And I get it! When food labels like "natural" are so misused, and free ranging is a cover up for chickens still cooped in a building, just not in cages, of course consumers are skeptical of the grass fed beef claims. 


But unlike the misuse of words like natural and free range, grass fed beef really truly is better for you and the facts prove it. Grass fed beef is lower in fat and calories, and higher in Omega 3s. Plus it's higher in plenty of other nutrients beneficial to humans, like beta carotene, vitamin E, certain B vitamins, and minerals including calcium and potassium. 


Perhaps the biggest health benefits (in answer to the question "is grass fed beef better for you") come from the obesity and cancer fighting properties of grass fed beef.


Regarding obesity, grass fed beef is higher in Omega 3s and lower in Omega 6s. I'm not a scientist so I'm putting this into layman's terms as I understand it (you can read about it in detail to make sure I'm right), but taking cattle off of grass and feeding them corn and soy instead dramatically lowers the Omega 3s in the meat, while increasing the Omega 6s. Omega 6s make us fat and not just us, but succeeding generations of us too. To quote EatWild.com


Omega-6 fatty acids are essential for health, but the amount consumed by most Americans increases the risk of obesity, diabetes, inflammatory diseases, and cancer. Omega-6s are most abundant in vegetable oils such as corn oil, safflower oil, and cottonseed oils...grain-fed animals are also a major source of omega-6s. Meat and dairy products from animals fed a high-grain diet, which is the typical feedlot diet, have up to ten times more omega-6s than products from animals raised on their natural diet of pasture. 


My takeaway? Sounds like protein-rich ways to lose weight, like the Atkins Diet, are going to be more successful and keeping America trim if America switches to grass-fed beef. 


As for cancer, scientists are studying the cancer-fighting effects of conjugated linoleic acid acid, or CLA. A very small amount of CLA given to lab animals has reduced the size of tumors, and grass fed beef is one of the best sources of CLA. If you raise that same cattle on grain, however, you dramatically reduce the amount of CLA. To quote EatWild.com again: "When ruminants are raised on fresh pasture alone, their products contain from three to five times more CLA than products from animals fed conventional diets." (i.e. corn and soy)


There's also strong evidence that eating grass fed beef (rather than grain fed) can help fight breast cancer. That's because one of the Omega 3s in grass fed beef is alpha-linolenic acid, or ALA. Quoting EatWild.com (which is citing the British Journal of Cancer), "A study of breast cancer survivors revealed that the women with the most ALA in their tissues—and therefore the most ALA in their diets—were one fourth as likely to have their cancers return as women with the least amount."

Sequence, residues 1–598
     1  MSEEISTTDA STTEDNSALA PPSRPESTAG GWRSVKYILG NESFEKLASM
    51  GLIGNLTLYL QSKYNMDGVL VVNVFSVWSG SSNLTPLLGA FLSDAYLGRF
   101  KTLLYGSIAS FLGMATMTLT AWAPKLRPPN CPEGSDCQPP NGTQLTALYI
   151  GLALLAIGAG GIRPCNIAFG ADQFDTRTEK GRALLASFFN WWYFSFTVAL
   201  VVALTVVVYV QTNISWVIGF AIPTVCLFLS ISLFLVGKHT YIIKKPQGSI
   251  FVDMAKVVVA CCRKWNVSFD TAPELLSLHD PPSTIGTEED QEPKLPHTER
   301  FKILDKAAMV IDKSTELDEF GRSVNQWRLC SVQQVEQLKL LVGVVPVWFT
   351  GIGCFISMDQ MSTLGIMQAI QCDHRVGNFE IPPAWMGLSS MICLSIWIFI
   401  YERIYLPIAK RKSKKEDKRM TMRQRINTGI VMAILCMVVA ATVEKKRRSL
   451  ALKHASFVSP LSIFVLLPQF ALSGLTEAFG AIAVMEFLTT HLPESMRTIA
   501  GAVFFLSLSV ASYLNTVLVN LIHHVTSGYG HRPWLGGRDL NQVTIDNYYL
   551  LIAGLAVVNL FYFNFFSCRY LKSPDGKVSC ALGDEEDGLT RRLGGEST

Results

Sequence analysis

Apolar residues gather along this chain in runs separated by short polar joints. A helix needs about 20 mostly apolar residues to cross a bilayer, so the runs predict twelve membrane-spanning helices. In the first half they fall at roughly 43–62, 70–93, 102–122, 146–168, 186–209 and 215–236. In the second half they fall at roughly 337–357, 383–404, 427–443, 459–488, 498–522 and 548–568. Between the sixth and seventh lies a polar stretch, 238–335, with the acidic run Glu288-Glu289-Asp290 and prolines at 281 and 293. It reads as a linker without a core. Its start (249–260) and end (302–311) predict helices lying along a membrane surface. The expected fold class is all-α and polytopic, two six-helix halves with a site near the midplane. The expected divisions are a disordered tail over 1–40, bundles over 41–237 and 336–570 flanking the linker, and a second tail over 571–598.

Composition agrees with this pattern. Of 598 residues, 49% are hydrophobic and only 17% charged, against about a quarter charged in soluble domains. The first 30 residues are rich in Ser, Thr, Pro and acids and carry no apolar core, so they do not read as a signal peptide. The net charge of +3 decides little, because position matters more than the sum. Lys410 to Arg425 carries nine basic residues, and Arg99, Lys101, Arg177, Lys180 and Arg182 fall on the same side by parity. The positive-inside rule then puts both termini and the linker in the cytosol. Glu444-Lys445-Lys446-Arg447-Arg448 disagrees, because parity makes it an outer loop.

So, are you still wondering is grass fed beef better for you? Or are you ready to give up the grain fed for good? Oh, and that delicious looking burger in the photo? Grass fed beef, baby, grass fed beef! :-)

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Want Some Quality Family Time? Stay on a Farm This Fall

stay on a farm at Tyner Pond FarmLet's face it: Family vacations are sometimes more work than rest. There's the packing and the driving and fitting in all of the activities, and at the end of it everyone's happy but tired! That's why I suggest you stay on a farm this fall for a mini vacation that will rejuvenate your family...plus connect your kids to local foods. 


Farm stay vacations are becoming increasingly popular in the U.S. You can stay at a guest ranch with the cattle and horses, or a working farm complete with trucks and tractors. Some farms are now set up more like resorts with plenty of guest amenities, so don't worry: A farm stay doesn't necessarily equal farm work! You can choose the kind of farm stay you want, from one where you're pampered to one where you're worked. 


If you're near or in Indiana, or want to be, here's a great way to stay on a farm: Rent the farmhouse at Tyner Pond Farm. The farmhouse is brand spanking new with all the modern amenities and loads of privacy (because the farm's owners live up the road). And outside, you'll find all of the barns and outbuildings sparkle and shine too. That's a photo of Tyner Pond Farm above. The farmhouse is to the left, and all of the red buildings are the outbuildings. 


Stay on a farm at Tyner Pond Farm and you'll not only enjoy peaceful mornings and quiet days--you'll see how livestock can be raised in a sustainable, natural way. Tyner Pond Farm practices sustainable farming methods, and the cattle, pigs and chickens are all raised on grass, outside where they should be, not in confined indoor pens pumped full of antibiotics. 


You'll get the rest and relaxation and family time you're craving, but you'll be educating your kids too about the future of farming (which is really the past), and what it takes to raise food in a natural and humane way. 


Then stock up on the beef, pork and chicken the farm sells before you head home, and you'll be tasting the Tyner Pond Farm difference for weeks to come! 


And the next time you ask the kids, "Where do you want to do for our next trip?" don't be surprised if the answer is a resounding chorus of "Stay on a farm!!"